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German GP: Thursday Press Conference


Today's press conference with Kimi Raikkonen, Sebastian Vettel, Carlos Sainz, Nico Hulkenberg and Alexander Albon.

A question to the two German drivers, please. Can you just tell us about the build-up to your home race here at Hockenheim and the emotions of racing at home? Nico, can we start with you please?
Nico Hulkenberg: A fairly calm and steady build-up to be honest this year, which is quite nice. No particular events, just the usual day-to-day I would say. No, it's good to come back here. I remember last year, I loved this weekend, it was an amazing atmosphere. Hockenheim was I think packed. Every grandstand ticket was more or less sold, and it was full of people and there was this magic atmosphere all weekend. I really enjoyed it here last year. It happened to be the best race of the season for me as well, so obviously it would be nice to repeat something like that, although sporting-wise we don't seem to be as strong but of course we are going to give it our best shot. But yeah, happy to be back here and looking forward to a hot weekend.

Q: Thank you. Sebastian?
Sebastian Vettel: yeah, it's been pretty calm on the build-up, so pretty straightforward. Obviously I like this place very much, it's pretty close to where I come from. We had a nice dinner together with the team last night, but other than that it's been fairly calm. But like Nico said, very good memories of last year in terms of atmosphere. Obviously the final outcome wasn't great, but overall the weekend was fantastic - the amount of fans, the amount of German flags, the enthusiasm around the track. Hopefully we can have something similar this year.

Q: Your 10th German Grand Prix.
SV: Yeah, here we go.

Q: Here we go indeed. Thank you guys. Alex, turning to you, a frustrating race for you last time out at Silverstone with an electrical problem. Can you tell us about that problem and without it would a points finish have been possible?
Alex Albon: Yeah, it was a bit frustrating. Basically, the car was live, so we couldn't really touch the car. I think the mechanics would have been a bit electrified if they did, so we had to stay out on track. It was frustrating, but it's hard to say if we... I think we would have finished where we were before we had the issue. I think we were running about eighth, around there. Of course, it was just points missed, so that was a frustrating weekend, because we had two tough races before that, and that was kind of the time.... At Silverstone we were back on track and it was an opportunity to score some good points. Fortunately Dany did, so it wasn't too bad at the end of the day.

Q: So, a frustrating race for you at Silverstone, but how do you sum up the season so far, because half distance in the race here will be the halfway point of the 2019 season. So how would sum out how it's gone and what have the team told you about 2020?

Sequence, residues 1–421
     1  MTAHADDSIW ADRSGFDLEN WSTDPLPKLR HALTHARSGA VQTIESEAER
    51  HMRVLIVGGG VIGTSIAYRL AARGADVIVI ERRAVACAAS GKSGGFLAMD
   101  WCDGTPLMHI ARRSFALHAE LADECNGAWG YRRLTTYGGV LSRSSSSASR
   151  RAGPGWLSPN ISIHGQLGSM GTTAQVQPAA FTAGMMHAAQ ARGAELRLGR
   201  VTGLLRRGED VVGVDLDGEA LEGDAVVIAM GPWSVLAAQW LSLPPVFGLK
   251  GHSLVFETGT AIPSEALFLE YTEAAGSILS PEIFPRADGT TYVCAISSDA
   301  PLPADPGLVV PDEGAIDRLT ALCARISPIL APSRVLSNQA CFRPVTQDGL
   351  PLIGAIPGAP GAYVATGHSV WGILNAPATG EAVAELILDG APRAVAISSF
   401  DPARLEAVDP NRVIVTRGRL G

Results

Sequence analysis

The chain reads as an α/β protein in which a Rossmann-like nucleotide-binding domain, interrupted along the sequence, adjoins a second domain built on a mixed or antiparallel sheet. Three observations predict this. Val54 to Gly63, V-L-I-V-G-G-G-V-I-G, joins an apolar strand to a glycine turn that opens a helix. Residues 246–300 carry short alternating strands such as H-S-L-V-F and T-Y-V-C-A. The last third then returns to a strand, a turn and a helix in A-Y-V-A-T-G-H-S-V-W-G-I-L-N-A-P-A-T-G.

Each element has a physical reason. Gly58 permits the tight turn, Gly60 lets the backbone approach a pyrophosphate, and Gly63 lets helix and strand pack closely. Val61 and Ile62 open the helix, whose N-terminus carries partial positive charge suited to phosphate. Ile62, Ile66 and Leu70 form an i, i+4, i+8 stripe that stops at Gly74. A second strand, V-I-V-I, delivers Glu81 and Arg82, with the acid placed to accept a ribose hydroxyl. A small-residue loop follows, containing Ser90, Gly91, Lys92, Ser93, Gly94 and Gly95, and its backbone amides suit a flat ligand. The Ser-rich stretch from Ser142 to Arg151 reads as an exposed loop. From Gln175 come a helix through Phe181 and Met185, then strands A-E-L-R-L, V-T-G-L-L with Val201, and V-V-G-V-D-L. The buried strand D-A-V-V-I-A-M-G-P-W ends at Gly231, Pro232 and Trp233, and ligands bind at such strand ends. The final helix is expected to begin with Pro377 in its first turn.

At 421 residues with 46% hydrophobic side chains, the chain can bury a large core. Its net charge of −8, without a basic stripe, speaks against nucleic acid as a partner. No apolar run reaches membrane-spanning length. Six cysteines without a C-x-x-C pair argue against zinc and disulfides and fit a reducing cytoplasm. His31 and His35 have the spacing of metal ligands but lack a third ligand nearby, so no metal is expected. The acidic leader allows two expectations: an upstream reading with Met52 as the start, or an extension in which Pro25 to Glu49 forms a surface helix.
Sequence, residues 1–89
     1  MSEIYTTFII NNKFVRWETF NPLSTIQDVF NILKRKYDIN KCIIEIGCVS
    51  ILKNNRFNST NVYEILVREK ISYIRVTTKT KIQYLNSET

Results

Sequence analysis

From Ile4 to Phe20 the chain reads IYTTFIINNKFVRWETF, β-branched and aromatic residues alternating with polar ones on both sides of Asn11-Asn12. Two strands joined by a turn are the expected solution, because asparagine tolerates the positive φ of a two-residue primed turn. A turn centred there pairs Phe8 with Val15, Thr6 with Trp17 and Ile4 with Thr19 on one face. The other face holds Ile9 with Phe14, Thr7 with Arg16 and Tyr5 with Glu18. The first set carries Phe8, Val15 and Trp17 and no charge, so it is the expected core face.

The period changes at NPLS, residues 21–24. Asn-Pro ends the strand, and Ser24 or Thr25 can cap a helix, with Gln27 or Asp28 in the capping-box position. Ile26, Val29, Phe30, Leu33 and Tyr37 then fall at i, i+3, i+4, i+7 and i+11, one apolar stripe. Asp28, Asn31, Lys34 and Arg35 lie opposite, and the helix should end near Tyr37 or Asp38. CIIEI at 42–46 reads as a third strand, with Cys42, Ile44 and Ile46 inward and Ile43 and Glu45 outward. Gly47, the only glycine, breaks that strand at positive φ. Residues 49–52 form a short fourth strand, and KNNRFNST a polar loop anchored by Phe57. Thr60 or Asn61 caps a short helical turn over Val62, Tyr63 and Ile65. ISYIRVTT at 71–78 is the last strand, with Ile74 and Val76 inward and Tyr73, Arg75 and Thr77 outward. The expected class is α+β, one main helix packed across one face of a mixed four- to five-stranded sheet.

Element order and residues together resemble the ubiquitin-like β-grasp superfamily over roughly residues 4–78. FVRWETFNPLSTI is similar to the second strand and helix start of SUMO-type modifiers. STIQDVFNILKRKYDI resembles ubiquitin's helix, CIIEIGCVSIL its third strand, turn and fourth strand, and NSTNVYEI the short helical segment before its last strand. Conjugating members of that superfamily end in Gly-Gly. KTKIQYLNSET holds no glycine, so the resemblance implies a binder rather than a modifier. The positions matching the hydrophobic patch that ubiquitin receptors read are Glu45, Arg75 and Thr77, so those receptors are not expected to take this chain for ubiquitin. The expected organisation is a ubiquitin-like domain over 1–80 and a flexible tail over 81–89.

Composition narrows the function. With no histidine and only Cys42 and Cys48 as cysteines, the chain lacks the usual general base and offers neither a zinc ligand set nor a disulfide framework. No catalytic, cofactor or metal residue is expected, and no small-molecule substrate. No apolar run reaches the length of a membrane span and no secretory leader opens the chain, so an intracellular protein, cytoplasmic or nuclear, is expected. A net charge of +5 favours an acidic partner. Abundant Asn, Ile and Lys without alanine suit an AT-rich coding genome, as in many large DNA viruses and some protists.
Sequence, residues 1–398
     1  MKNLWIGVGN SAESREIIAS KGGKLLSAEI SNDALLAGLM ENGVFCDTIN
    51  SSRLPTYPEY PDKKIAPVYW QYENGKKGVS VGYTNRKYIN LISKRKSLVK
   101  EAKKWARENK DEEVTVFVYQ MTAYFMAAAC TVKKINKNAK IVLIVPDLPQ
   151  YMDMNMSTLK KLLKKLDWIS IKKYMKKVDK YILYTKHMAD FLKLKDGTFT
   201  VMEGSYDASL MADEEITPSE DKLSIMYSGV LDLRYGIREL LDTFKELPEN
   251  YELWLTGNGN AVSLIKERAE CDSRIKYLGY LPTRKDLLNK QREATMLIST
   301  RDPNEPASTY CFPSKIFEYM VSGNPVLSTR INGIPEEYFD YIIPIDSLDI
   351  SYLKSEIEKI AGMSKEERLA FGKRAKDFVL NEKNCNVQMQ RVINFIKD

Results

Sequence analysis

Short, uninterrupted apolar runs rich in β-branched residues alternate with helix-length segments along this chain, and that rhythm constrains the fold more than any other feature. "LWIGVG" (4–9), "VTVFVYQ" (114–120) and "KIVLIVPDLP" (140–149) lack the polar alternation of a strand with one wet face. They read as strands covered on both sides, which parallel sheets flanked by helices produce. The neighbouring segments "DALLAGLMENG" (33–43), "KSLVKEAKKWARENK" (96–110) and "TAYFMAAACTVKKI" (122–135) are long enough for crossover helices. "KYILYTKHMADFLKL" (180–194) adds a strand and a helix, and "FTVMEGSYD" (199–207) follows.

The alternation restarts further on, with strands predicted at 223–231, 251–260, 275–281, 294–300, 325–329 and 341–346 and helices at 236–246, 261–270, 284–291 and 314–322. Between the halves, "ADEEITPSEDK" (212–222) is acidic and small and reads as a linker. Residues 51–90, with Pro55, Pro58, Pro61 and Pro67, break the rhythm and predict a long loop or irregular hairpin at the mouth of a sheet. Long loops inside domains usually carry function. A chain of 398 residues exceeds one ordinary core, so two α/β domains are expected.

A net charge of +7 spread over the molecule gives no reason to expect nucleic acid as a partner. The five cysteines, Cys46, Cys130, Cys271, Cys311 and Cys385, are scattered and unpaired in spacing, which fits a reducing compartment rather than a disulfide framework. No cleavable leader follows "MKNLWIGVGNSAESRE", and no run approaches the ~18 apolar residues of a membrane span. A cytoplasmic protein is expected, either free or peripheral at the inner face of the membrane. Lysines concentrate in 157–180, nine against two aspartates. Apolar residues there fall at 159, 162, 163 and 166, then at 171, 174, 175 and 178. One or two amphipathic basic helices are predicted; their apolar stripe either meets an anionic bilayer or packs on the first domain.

AA: It's going well. I would say I've had a few ups and downs. But yeah, I'm quite happy with how it's gone so far. And regarding 2020, who knows? I think that's in other people's hands.

Q: Thank you. Nico, same sort of question to you really. As we reach the halfway point in the season, how are you feeling about the Renault project, how has it evolved during your three years with the team and looking ahead, do you stick, do you twist? What are your plans?
NH: Yeah, I think it's fair to say that so far this season we can't be entirely happy with what we have achieved. I mean, to start with we had a lot of issues and missed out on results. But, a little bit more disappointing is just where we are in terms of pace, the development rate, it's not where we really needed it and wanted it to be. Behind the expectations this year, so probably maybe, all in all, as well, not entirely happy and if you look across the three years we can't be entirely happy with everything we've done. Nevertheless, the outlook is good. We still see light at the end of the tunnel and we still believe we can catch up to some extent, how much is always difficult to say with entire certainty. Yeah, we'll see what happens in the future and what happens to me as well. As for now, there is nothing set in stone, but I think it's quite likely that I will remain with the team.

Q: You're 21 points behind McLaren in the Constructors' Championship now. Do you think that's a fair reflection of the relative performance of the two teams?
NH: Well, it is. That's a fact. It is 21 points but I think we could be right up there with them, if you add up all the complications we had, all the missed results, problems, we should be there or thereabouts, but for sure McLaren are very strong at the moment and are probably one of our main competitors that we will be battling from here until the end.

Q: Ok, good luck this weekend. Carlos, just to ask you about that battle with Renault. When you came into this season, did you expect to be ahead of them at this point?